Children & Adolescent

NV Mental Health cares about its patients and is dedicated to each and every one’s treatment. We specialize in children and adolescent needs, such as:

Autism Spectrum Disorders:

Three types of ASDs:

Autistic Disorder (also called “classic” autism)

This is what most people think of when hearing the word “autism.” People with autistic disorder usually have significant language delays, social and communication challenges, and unusual behaviors and interests. Many people with autistic disorder also have intellectual disability.

Asperger Syndrome

People with Asperger Syndrome usually have some milder symptoms of autistic disorder. They might have social challenges and unusual behaviors and interests. However, they typically do not have problems with language or intellectual disability.

Pervasive Developmental Disorder – Not Otherwise Specified (PDD-NOS; also called “atypical autism”)

People who meet some of the criteria for autistic disorder or Asperger Syndrome, but not all, may be diagnosed with PDD-NOS. People with PDD-NOS usually have fewer and milder symptoms than those with autistic disorder. The symptoms might cause only social and communication challenges.

Signs and Symptoms:

ASDs begin before the age of 3 and last throughout a person’s life, although symptoms may improve over time. Some children with an ASD show hints of future problems within the first few months of life. In others, symptoms might not show up until 24 months or later. Some children with an ASD seem to develop normally until around 18 to 24 months of age and then they stop gaining new skills, or they lose the skills they once had.

A person with an ASD might:

      • Not respond to his/her name by 12 months.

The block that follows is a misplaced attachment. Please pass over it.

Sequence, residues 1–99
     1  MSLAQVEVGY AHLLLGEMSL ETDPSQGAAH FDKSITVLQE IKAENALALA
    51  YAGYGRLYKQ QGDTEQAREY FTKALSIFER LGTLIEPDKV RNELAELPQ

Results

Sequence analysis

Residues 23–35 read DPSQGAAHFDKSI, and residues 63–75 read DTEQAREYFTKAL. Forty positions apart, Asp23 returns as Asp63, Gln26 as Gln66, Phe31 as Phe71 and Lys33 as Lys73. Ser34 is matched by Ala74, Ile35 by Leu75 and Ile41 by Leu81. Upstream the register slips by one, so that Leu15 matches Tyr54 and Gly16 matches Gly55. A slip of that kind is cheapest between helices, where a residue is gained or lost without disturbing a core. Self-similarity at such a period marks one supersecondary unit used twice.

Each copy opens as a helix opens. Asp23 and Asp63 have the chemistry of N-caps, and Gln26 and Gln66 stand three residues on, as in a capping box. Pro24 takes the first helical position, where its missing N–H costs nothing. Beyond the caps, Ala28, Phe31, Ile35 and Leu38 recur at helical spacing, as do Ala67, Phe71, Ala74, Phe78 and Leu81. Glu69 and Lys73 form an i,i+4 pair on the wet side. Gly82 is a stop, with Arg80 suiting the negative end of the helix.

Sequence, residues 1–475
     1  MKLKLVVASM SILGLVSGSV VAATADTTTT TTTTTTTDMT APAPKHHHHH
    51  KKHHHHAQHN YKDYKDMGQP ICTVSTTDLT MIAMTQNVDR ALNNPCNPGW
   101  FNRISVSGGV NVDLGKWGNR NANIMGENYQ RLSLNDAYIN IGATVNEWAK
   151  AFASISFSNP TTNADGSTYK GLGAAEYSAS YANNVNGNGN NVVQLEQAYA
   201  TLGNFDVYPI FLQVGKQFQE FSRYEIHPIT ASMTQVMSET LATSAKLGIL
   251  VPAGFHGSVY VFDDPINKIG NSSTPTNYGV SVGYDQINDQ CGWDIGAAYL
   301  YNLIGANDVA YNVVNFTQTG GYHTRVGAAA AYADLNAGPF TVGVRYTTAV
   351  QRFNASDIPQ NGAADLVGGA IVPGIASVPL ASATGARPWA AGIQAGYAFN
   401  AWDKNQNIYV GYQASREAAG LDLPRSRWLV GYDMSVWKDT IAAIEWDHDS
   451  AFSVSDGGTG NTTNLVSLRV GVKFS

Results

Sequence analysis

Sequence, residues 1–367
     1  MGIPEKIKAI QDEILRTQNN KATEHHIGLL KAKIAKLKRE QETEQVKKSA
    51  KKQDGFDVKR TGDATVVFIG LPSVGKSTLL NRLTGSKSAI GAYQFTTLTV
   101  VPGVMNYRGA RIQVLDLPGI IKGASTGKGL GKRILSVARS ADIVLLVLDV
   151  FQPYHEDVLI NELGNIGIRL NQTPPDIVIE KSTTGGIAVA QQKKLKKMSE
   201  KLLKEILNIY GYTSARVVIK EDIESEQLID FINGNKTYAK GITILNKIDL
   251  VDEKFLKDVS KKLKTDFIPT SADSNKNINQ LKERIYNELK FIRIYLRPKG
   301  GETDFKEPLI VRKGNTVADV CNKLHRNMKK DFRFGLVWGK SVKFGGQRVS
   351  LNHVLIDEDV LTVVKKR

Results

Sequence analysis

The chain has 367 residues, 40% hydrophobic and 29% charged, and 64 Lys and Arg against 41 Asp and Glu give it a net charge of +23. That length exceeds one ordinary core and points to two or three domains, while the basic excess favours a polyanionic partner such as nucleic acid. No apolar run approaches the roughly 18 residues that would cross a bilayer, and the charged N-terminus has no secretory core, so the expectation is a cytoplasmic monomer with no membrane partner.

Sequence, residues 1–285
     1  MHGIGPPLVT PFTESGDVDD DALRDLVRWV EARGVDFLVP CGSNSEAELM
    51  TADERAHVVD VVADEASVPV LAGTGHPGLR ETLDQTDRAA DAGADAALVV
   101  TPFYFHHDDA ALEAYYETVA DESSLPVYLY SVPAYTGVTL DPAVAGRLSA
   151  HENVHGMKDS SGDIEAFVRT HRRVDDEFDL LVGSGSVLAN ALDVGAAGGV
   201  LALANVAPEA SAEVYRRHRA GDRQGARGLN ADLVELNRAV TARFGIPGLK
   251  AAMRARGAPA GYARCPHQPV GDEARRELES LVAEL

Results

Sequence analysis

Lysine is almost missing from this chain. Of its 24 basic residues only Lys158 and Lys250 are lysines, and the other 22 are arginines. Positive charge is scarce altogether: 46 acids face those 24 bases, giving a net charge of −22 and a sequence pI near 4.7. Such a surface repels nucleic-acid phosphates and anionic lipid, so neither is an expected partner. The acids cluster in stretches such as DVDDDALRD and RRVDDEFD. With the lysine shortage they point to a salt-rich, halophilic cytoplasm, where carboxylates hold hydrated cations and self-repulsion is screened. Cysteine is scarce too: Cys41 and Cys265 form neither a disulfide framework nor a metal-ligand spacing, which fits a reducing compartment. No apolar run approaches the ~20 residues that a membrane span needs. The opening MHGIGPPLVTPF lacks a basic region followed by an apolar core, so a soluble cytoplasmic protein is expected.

• Not point at objects to show interest (point at an airplane flying over) by 14 months.
      • Not play “pretend” games (pretend to “feed” a doll) by 18 months.
      • Avoid eye contact and want to be alone.
      • Have trouble understanding other people’s feelings or talking about their own feelings.
      • Have delay in speech and language skills.
      • Repeat words or phrases over and over (echolalia).
      • Give unrelated answers to questions. Get upset by minor changes. Have obsessive interests. Flap their hands, rock their body, or spin in circles. Have unusual reactions to the way things sound, smell, taste, look, or feel.
A message from Dr. Rafiq:

“While ADHD remains a big challenge for a child’s psychiatrist, parents, and teachers, it is also the most common, correctable psychiatric disorder. In my experience the biggest hurdles to treatment remain limited guidance to care givers, limited info about the stimulants, and an older generation’s anecdotal beliefs surrounding a short acting stimulant’s side effects within the client’s family. I realize that many parents are guided by their own parents as to whether their child should take a stimulant (or not), but they should factor in current information and spend appropriate time with care givers.


Having an opportunity to understand all side effects and the safety of today’s longer acting stimulants, helps alleviate parents’ anxiety and initiate treatment. Once medication is on-board, parents and grandparent often witness a child’s gradual improvements in function and calmed behavior. Unfortunately, tolerance may develop requiring an escalation of the stimulant dose, which may carry additional side effects.  Again preparation and an understanding of possible side effects offers the best chance of compliance.


It is crucial that the care giver understand  when to completely switch a stimulant rather than increasing a dose in the midst of primary stimulant’s side effect. Maintaining a strong communication line with care givers, including discussing all options and involving parents in decisions, helps ensure smooth transitions.


Here is short intro to ADHD. Also visit following link.”